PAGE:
Tabla X -Identificacion de matrimonios de esclavos registrados por la Iglesia de Moca 1792-1821. 365
Tabla XI – Parejas de esclavos en Moca en siglo XIX. 365.
Tabla XI data based on parish books of Iglesia de Nuestra Señora de la Monserrate, Moca:
L2 1786-1813 Mat
L3 1813-1824 Mat
L5 1800-1810 Baut
L6 1811-1813 Baut
Information provides the identity of Juan de la Rosa’s family: his parents Felipe and Juana, and sibling Maria Antonia, at Ojo de Agua in Aceituna before 1813. By 1826, Juan, Maria Antonia and Isabel (with ages that vary by 3 years) are listed as slaves of Andrea Gonzalez, who has the estancia Guamaes in Capa. By December 1842, Juan de la Rosa departs. The transfer of enslaved persons occurred by inheritance or purchase, perhaps prompted by the death of Maria Morales, Maria Andrea’s mother. The children’s parents, probably born in the 1770s, may have died or were sold by this time. There is likely more documentation in the notarial documents of the Archivo General de Puerto Rico
Those not included in the charts
In January 1810, Manuel Gonzalez gave his mulata servant Dolores, 25 years old, her liberty after she paid 200 silver pesos for her freedom. In October 1811, Manuel Gonzalez traveled to Aguadilla to purchase from Pedro Ferrer, the enslaved servant Felix, 25 years old and born on Puerto Rico. Two weeks later, he purchased Geronima de la [roto] a servant 29 years old who Antonio Hernandez of Cabo Rojo had inherited from his mother. These transactions involve either Manuel Gonzalez, husband of Maria Morales or their son, Manuel Gonzalez Morales, who married Rosa Hernandez, and then his second marriage was to a —- Vazquez Vega. Each of the Gonzalez Morales children likely benefitted from the continued accumulation of property both human and material over time. 
Historian & genealogist David Stark found that “more than half of these marriages in Caguas, San German and Yauco involved slave shows owners were linked by ties of the first degree, that is, the owners were either siblings, a parent and child and son or daughter in law.”  This enabled the informal lending of enslaved family members from one plantation to another, and created an existence where they lived “within two family cycles: their own and that of the masters.”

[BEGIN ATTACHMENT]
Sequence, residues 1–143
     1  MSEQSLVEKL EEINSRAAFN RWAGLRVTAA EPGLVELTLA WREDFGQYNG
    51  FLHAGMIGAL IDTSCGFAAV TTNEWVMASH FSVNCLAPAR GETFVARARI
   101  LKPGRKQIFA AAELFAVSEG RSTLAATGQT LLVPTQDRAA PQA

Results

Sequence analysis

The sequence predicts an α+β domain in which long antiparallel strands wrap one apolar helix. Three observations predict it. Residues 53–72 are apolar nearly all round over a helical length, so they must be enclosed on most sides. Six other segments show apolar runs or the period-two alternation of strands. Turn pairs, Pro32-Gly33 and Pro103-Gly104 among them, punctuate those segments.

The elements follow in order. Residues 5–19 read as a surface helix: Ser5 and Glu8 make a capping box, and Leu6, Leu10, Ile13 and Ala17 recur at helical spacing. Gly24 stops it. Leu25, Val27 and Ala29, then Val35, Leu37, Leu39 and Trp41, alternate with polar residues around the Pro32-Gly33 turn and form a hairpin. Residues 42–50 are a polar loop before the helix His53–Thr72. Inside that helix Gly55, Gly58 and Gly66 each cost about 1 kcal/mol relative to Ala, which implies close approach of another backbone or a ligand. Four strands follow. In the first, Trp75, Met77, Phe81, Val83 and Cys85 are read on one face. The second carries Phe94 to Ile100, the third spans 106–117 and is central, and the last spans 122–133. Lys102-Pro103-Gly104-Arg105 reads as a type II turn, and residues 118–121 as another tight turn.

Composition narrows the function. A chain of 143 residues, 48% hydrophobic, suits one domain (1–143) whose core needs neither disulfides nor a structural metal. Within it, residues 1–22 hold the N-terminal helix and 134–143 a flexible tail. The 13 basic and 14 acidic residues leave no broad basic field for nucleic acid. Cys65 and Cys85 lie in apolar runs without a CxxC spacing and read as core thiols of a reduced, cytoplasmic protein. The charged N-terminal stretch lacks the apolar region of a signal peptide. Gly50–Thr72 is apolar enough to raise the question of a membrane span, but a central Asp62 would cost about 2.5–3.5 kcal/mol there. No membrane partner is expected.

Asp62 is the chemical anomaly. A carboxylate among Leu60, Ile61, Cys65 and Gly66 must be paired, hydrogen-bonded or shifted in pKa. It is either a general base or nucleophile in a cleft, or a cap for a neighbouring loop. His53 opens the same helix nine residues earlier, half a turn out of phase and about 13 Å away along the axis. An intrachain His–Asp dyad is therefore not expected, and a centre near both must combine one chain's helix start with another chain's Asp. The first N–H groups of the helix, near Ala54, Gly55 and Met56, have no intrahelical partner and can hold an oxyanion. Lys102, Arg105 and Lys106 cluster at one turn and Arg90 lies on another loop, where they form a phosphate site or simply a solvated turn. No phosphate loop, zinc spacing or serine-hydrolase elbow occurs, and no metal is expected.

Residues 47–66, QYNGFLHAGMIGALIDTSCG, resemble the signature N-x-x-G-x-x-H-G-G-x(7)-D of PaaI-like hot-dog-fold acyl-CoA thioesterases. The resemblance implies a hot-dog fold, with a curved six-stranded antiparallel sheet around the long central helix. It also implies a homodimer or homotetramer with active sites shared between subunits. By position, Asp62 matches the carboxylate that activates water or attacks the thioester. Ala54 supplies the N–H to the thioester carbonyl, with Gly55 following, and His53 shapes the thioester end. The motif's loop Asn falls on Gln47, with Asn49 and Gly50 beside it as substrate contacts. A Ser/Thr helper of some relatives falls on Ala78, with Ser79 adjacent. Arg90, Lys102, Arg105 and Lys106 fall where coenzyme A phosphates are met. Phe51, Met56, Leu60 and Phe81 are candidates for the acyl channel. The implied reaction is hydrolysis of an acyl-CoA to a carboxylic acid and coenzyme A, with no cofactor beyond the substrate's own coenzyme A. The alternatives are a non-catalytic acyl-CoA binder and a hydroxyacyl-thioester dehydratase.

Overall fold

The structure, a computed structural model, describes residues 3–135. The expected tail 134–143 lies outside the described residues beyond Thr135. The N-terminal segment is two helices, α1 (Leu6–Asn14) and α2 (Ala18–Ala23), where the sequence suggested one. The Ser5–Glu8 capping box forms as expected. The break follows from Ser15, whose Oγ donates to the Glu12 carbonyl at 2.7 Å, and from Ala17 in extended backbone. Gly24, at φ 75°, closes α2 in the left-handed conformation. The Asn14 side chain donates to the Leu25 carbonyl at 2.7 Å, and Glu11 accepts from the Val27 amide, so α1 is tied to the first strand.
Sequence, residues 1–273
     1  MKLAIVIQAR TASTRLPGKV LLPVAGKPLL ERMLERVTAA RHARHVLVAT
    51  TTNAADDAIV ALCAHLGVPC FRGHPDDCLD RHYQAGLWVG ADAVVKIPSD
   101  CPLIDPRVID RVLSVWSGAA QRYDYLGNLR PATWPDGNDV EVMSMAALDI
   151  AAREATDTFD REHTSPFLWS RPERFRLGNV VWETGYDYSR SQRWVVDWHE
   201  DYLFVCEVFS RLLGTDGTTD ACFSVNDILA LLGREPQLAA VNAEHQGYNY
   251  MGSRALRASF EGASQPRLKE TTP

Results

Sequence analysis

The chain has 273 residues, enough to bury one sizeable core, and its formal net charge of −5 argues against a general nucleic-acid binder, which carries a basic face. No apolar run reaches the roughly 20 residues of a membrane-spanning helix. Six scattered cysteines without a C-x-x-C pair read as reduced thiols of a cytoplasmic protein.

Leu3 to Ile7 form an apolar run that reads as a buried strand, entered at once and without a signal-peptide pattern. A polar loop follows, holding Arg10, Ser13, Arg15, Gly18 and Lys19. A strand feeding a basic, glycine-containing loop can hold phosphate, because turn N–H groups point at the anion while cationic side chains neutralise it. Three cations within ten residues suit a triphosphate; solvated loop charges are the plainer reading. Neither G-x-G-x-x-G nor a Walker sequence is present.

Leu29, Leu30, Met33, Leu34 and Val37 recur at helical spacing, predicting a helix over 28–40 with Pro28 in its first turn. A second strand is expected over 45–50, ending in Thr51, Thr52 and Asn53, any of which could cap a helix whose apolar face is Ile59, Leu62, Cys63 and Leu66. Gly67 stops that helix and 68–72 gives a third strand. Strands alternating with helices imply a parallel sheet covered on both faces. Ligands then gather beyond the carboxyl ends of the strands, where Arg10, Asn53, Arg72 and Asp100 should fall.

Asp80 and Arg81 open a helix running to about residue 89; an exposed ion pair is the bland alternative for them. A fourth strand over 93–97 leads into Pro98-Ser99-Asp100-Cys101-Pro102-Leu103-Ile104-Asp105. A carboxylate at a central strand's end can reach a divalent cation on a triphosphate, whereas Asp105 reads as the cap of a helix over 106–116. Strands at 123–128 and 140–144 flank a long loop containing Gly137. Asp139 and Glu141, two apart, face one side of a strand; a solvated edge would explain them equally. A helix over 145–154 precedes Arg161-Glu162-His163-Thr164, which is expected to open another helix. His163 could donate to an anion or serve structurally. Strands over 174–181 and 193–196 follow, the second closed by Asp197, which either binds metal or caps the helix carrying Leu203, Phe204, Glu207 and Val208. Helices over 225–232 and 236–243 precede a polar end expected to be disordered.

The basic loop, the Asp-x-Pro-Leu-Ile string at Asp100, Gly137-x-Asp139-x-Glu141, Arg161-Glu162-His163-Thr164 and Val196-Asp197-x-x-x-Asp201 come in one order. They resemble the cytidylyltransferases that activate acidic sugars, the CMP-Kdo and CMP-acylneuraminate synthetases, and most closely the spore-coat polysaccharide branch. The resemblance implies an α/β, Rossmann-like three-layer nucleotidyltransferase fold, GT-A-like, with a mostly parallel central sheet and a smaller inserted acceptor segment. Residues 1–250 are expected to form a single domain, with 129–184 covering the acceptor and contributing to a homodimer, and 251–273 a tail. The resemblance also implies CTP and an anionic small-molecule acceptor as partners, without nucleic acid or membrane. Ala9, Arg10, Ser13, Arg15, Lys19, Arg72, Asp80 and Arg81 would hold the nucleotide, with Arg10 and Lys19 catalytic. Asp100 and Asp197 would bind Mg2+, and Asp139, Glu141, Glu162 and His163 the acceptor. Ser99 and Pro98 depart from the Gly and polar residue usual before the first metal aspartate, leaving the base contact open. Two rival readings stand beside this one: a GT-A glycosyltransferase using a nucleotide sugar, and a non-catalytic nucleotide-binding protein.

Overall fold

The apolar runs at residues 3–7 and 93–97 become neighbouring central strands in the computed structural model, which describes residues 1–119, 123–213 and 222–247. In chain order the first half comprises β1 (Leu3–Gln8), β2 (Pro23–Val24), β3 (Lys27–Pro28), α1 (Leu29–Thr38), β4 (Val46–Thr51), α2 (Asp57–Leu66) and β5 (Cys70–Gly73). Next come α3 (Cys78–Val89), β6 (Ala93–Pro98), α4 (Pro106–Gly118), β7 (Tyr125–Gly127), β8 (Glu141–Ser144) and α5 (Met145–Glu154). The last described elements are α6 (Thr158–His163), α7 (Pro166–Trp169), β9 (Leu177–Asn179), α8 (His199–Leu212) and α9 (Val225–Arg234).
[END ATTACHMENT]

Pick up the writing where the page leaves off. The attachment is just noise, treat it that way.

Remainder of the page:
By 1826 there are 3 Manuel Gonzalez in the 1826 Relacion de esclavos– either the same or related persons owning property in two different barrios, Capa and Aceituna. By 1826, those enslaved ancestors that appeared in the parish records— Juana, Maria Vicente, Juana Simona, Marcelo, Maria Victoria, Santiago, Ana Maria Rafael — do not appear, either due to sale or death. Felipe may appear as widowed in later documentation. In 1826, the Felipe owned by Manuel Gonzalez is some two decades too young to be the father of children with Juana (who does not appear in the census) regardless, by 1826, they are owned by Andrea Gonzalez. Just as in Parnaiba, Brazil, most slaves who married off their masters estates had partners among their extended family. This in turn, increases the likelihood that owners were related.
Mapping out information about enslaved ancestors across documentation provides suggestions for exploring specific relationships, establish timing and location to build out nodes of data that can help extend branches of family trees. This also supplies additional insight into female slave ownership in Puerto Rico.
The 1826 Reglamentos
In 1826, Governor don Miguel de Torre issued a long document intended to regulate the treatment of the enslaved. The passage of the Reglamento sobre la education, trato y ocupaciones que deben dar a sus escalos los duenos y mayordomos en esta Isla, 12 agosto 1826  addressed common complaints, issues and provided a detailed standard for treatment by slave owners in its sixteen chapters. More importantly for genealogists and family historians, this law also culminated in an island-wide census that enumerated and centralized information on slaves in Puerto Rico.
The 1826 census of the enslaved also intended to account for the porous population of African and Native descended people who fled from slavery to form free communities. It also helped the Spanish government get a handle on the ‘informal’ slave trade after 1808, the year the British declared an official end to the traffic. Spain’s subjects in the Caribbean continued to purchase people up until the official end of slavery, 1873 in Puerto Rico and 1886 in Cuba.